Stack Overflow is a community of 4.7 million programmers, just like you, helping each other.

Join them; it only takes a minute:

Sign up
Join the Stack Overflow community to:
  1. Ask programming questions
  2. Answer and help your peers
  3. Get recognized for your expertise

I'd like to have a method that transforms the first character of a string into lower case.

My approaches:


public static string ReplaceFirstCharacterToLowerVariant(string name)
    return String.Format("{0}{1}", name.First().ToString().ToLowerInvariant(), name.Substring(1));


public static IEnumerable<char> FirstLetterToLowerCase(string value)
    var firstChar = (byte)value.First();
    return string.Format("{0}{1}", (char)(firstChar + 32), value.Substring(1));

What would be your approach?

share|improve this question
up vote 101 down vote accepted

I would use this:

Char.ToLowerInvariant(name[0]) + name.Substring(1)

Your first solution is not optimized: string.Format is slow and you don't need it if you have a format that will never change.

The second is ugly and not maintainable.

share|improve this answer
i would do it: char.ToLower(name[0]).ToString() + name.Substring(1) – Andrey Aug 25 '10 at 10:50
yes, i was just updating my answer, thanks – onof Aug 25 '10 at 10:52
@Rookian: the + operator is slow when you are concatenating lots of strings. In that case a StringBuilder would perform much better. However, + is much faster than string.Format. Use the latter when you actually need to format something (like displaying integers, doubles or dates). – Dirk Vollmar Aug 25 '10 at 11:09
@0x03: it's only slow if you're concatenating lots of strings iteratively. If you concatenate them all in a single operation, the + operator is not slow at all, because the compiler turns it into a String.Concat (however String.Join is faster than String.Concat for some silly reason). – Thorarin Aug 25 '10 at 13:39
I used extension public static string ToLowerFirst(this string source) { if (string.IsNullOrWhiteSpace(source)) return source; var charArray = source.ToCharArray(); charArray[0] = char.ToLower(charArray[0]); return new string(charArray); } Based on @MatteoMigliore's comment. – KregHEk Dec 21 '15 at 8:36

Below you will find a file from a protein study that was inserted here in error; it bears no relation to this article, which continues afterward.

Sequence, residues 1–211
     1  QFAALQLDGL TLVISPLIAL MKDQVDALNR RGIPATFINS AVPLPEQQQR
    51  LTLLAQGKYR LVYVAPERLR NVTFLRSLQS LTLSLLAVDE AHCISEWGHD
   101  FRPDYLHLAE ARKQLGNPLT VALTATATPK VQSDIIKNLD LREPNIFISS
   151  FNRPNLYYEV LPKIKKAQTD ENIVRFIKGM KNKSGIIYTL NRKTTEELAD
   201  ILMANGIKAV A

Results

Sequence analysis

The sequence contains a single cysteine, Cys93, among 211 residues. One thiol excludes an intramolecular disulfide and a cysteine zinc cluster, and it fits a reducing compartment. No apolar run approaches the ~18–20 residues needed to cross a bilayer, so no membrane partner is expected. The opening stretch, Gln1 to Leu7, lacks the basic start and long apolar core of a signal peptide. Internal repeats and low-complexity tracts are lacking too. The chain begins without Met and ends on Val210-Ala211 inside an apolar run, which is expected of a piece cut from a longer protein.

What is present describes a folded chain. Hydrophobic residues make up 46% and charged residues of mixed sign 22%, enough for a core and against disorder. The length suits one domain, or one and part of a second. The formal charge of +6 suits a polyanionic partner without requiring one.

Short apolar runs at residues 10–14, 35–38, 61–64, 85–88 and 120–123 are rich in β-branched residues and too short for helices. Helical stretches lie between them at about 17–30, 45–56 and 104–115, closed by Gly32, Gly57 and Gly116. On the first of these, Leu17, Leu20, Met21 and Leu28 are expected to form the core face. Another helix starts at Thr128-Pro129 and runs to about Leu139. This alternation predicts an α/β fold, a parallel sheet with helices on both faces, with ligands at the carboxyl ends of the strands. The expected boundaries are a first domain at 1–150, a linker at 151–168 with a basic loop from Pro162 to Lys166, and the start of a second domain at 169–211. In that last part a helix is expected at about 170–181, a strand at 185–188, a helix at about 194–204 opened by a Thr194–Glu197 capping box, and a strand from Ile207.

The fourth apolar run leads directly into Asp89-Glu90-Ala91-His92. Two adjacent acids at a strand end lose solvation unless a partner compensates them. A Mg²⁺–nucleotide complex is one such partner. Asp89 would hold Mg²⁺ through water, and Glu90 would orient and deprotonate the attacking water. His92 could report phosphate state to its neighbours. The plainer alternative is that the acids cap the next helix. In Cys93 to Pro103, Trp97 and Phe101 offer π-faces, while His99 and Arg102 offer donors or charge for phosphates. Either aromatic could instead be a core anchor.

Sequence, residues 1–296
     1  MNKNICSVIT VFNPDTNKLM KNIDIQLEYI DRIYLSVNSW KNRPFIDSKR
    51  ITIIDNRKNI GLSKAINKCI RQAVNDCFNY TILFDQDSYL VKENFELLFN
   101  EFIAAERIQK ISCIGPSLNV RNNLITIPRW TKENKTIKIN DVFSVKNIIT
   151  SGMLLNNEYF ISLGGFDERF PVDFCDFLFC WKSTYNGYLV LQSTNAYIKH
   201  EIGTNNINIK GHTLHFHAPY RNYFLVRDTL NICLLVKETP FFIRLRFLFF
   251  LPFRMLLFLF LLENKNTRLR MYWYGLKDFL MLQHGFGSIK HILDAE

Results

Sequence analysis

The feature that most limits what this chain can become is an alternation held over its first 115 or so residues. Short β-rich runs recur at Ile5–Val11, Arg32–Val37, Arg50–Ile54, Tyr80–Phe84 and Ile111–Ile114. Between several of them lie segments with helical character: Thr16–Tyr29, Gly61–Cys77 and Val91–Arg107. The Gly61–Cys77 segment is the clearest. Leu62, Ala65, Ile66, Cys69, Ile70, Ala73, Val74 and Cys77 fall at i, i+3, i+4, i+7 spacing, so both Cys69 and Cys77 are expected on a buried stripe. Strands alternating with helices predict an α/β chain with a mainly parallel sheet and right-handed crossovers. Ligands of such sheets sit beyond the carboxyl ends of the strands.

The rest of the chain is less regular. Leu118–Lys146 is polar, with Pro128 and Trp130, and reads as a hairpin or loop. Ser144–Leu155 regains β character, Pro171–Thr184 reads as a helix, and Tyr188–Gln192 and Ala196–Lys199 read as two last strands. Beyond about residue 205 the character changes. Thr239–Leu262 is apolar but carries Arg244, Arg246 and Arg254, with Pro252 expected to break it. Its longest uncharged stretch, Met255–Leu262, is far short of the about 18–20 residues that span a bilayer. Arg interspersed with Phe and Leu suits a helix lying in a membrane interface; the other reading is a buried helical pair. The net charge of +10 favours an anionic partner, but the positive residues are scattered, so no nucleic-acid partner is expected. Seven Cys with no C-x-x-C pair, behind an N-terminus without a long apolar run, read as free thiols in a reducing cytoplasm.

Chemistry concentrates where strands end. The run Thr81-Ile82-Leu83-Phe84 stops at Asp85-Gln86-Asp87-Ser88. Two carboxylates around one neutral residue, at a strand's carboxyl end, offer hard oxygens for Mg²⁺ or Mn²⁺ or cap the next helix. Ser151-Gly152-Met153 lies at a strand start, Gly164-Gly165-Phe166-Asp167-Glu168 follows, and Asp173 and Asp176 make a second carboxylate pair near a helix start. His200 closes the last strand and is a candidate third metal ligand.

Depending on the situation, a little defensive programming might be desirable:

public static string FirstCharacterToLower(string str)
    if (String.IsNullOrEmpty(str) || Char.IsLower(str, 0))
        return str;

    return Char.ToLowerInvariant(str[0]) + str.Substring(1);

The if statement also prevents a new string from being built if it's not going to be changed anyway. You might want to have the method fail on null input instead, and throw an ArgumentNullException.

As people have mentioned, using String.Format for this is overkill.

share|improve this answer
+1 for checking if you actually need to do anything at all. :) – Chris Aug 25 '10 at 11:04
Correct me if I'm wrong but str.Substring(1) will return the symbol at position 1 as the count for this method is not indicated. so you will have char[0] in lower case + the char at position 1 So I preferred to remove one char starting from first char in the string. The result is the string without first letter. Then i will add this string to first char that is converted to lower case – fedotoves Aug 25 '10 at 11:34
@B-Rain: consider yourself corrected: – Thorarin Aug 25 '10 at 13:37
Ups. Good point, thanks – fedotoves Aug 25 '10 at 20:07

I like the accepted answer, but beside checking string.IsNullOrEmpty I would also check if Char.IsLower(name[1]) in case you are dealing with abbreviation. E.g. you would not want "AIDS" to become "aIDS".

share|improve this answer
IMO this is responsibility of the caller – onof Mar 16 '13 at 11:17

Mine is

if (!string.IsNullOrEmpty (val) && val.Lenght >0)
    return val[0].ToString().ToLowerInvariant() + val.Remove (0,1);   
share|improve this answer
I'm curious, why the val.Remove? Seems a little counter-intuitive to me. – Thorarin Aug 25 '10 at 11:04

It is better to use String.Concat than String.Format if you know that format is not change data, and just concatenation is desired.

share|improve this answer

Your Answer


By posting your answer, you agree to the privacy policy and terms of service.

Not the answer you're looking for? Browse other questions tagged or ask your own question.